Count me in as a supporter. I love tables, I love nested tables, and properly used they can be great. I prefer working with tables and I prefer how they look. And who's worried about 0.22 K of extra code now? It's 2004 for crying out loud.
What I am tired of seeing are CSS sites. No, really. And I don't like working with CSS. OK, this is not a debate about CSS vs tables but since everyone is listing their pet hate, mine is CSS.
<no flames please :-)>
Disabled right mouse button garbage is easy to get past.
Just press 'ESC' at the same time you right click and 'presto!' the context menu appears.
"Save Picture as..." here I come.
Also, far too many of the right mouse button-disabling scripts don't quite work right in Mozilla, I've noticed. They let the context menu display, and THEN pop up a dialogue box with the menu still usable. Oops.
entire pages that have been made in photoshop, sliced in image ready (or FW) and exported with messy tables, the one central image has been deleted and 10px fixed text pasted in instead. all the other images have been left in place instead of being sliced or marked up properly.
AACCKK! I've seen a few of these things... which immediately caused me to exclaim, "what were they thinking?".
Aside from the difficulty of maintaining such sites, designs like that are horrible resource hogs (how many HTTP requests for all those images?), not to mention horribly inaccessible (alt tags? what alt tags?).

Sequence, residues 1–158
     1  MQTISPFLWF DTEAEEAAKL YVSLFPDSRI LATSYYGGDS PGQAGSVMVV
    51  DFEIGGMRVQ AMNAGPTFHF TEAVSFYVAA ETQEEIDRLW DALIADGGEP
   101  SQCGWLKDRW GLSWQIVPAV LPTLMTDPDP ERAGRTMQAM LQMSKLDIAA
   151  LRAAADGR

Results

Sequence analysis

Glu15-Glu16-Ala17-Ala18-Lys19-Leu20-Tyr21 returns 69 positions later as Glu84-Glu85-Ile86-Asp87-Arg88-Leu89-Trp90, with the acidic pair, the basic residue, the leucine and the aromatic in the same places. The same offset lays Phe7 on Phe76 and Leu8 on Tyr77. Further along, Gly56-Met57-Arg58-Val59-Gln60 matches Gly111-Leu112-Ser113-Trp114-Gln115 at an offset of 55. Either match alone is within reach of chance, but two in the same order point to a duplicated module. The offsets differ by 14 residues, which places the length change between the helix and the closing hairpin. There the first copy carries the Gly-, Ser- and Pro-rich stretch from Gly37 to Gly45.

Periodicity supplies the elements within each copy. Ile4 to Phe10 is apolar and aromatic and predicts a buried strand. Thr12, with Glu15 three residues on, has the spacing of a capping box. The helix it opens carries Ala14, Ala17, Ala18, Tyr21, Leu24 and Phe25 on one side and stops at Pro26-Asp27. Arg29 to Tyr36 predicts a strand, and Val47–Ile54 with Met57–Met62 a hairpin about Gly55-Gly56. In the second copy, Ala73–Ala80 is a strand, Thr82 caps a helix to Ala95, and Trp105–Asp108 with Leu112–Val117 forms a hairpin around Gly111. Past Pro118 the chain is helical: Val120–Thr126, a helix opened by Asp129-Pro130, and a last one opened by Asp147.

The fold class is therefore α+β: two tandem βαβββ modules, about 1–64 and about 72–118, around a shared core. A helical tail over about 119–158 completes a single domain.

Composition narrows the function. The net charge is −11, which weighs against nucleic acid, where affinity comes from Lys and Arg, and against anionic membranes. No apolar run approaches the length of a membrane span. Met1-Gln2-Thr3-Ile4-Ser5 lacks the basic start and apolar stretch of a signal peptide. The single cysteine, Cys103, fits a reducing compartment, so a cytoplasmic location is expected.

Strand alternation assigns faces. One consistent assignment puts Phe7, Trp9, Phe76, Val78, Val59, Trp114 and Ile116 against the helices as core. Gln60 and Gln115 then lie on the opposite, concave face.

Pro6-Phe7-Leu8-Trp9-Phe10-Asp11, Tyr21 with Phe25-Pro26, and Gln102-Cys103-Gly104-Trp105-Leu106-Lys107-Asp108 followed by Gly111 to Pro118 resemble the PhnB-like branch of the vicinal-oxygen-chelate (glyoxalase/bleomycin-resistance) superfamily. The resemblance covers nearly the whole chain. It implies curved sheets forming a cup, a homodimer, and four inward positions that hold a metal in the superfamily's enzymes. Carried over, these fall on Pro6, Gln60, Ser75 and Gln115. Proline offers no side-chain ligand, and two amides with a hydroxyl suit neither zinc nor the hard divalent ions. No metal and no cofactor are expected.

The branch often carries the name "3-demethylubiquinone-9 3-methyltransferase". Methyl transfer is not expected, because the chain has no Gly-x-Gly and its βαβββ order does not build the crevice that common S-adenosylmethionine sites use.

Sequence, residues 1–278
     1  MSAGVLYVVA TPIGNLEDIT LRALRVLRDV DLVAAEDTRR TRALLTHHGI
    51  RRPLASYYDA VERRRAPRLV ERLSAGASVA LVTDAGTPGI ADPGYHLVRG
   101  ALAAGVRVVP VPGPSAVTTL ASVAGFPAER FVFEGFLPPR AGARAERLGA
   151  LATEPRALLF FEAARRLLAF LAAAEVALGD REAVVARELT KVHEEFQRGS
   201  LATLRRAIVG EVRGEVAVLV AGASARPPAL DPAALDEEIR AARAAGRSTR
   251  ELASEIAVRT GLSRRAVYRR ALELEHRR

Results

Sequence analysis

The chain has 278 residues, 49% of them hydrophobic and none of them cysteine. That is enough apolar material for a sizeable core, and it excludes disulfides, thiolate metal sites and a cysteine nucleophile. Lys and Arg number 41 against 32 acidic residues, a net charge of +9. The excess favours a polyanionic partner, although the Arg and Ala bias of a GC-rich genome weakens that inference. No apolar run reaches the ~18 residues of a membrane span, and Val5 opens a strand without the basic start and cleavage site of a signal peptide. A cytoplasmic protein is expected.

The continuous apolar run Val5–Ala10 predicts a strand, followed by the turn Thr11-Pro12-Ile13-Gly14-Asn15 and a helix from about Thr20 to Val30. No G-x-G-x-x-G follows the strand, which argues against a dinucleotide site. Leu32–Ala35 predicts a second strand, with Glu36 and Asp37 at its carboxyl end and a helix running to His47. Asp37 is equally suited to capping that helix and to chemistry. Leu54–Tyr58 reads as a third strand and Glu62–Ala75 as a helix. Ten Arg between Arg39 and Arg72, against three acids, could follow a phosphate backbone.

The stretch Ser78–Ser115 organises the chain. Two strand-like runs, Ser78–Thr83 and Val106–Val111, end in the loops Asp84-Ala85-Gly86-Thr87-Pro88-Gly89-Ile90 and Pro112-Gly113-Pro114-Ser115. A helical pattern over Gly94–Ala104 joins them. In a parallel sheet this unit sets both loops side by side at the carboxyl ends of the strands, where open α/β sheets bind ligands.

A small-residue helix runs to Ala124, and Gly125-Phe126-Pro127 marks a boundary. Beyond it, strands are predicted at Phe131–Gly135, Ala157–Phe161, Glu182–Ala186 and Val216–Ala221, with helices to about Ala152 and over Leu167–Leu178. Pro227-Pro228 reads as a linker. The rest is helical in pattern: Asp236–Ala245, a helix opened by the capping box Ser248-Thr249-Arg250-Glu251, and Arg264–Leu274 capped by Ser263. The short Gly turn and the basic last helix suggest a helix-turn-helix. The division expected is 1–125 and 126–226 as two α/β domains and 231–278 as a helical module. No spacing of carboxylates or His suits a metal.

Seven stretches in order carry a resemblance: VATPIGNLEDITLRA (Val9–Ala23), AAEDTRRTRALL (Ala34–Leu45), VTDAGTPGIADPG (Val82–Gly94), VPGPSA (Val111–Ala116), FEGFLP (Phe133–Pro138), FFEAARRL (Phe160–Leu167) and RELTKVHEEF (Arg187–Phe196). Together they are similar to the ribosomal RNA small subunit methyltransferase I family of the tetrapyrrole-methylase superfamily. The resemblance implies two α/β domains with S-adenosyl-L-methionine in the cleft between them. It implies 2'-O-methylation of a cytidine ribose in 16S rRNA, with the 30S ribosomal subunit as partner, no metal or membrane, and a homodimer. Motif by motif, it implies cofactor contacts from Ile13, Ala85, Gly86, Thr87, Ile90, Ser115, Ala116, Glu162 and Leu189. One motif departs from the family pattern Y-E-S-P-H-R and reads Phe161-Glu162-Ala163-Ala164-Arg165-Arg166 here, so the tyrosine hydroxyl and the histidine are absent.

Whattsisname, Flanders, from pages that suck, calls it "mystery meat navigation"
As far as what I REALLY hate though... As soon as I see a java 'applet loading' message at the bottom of my screen, I leave. I don't even wait around to see what the java actually *does*.
Also, I'll add "web sites in front of me that don't use their turn signals"...oh...I'm mixing my pet peeves again...
A) they create a lot of bloated code, your pages end up heavier than they need to be.
B) They become complicated and difficult for a later developper to work on.
C) Unless you're really careful, they can produce stunningly different results on different browsers.
Having said that, I use them all the time because I'm too damn lazy to learn CSS. Also, it creates a page that just baffles code stealers who view source.
I looked at other sites and implemented several of the ideas and tricks in say "Eric Meyer on CSS" to demonstrate that they would work with the web publishing system. Eventually I started taking calls for suggestions on what to do, such as colors, or websites people liked. I even implemented our website inside our webpublishing system updating the designe done by the previous web guy so it validated, at least before I put in all the WebObjects stuff...
One thing that I did was make some gradients in Macromedia's graphic program, Fireworks. I also made a metallic looking site. Almost all of them would be inverted L designs though none used frames.
Eventually we had to design a site to market the web publishing system. It was a major design by committee, I just did the typing. It ended up being blue with several gradiants. Basically it has gradiants everywhere. It does download really fast cause all those images are really small but I immediately thought of this site when reading this thread.
Now-a-days I ownly have my own little hobby site, which you'll be happy to know doesn't seem to have many of these complaints. It does have a dark background, but you can swap it to a light background using a style sheet switcher. ;-)
I still remember the marketing guy and my boss argueing over using red on the current section color in the menu. I suggested orange and that was probably one of my only suggestions in the site. Orange is a new trendy color in web design. I blame Zeldman, Arstechnica also has a lot of orange. Blues and greys are of course popular, but lately I see a lot of orange on the web. I even use it myself. ;-P
Cheers from Japan.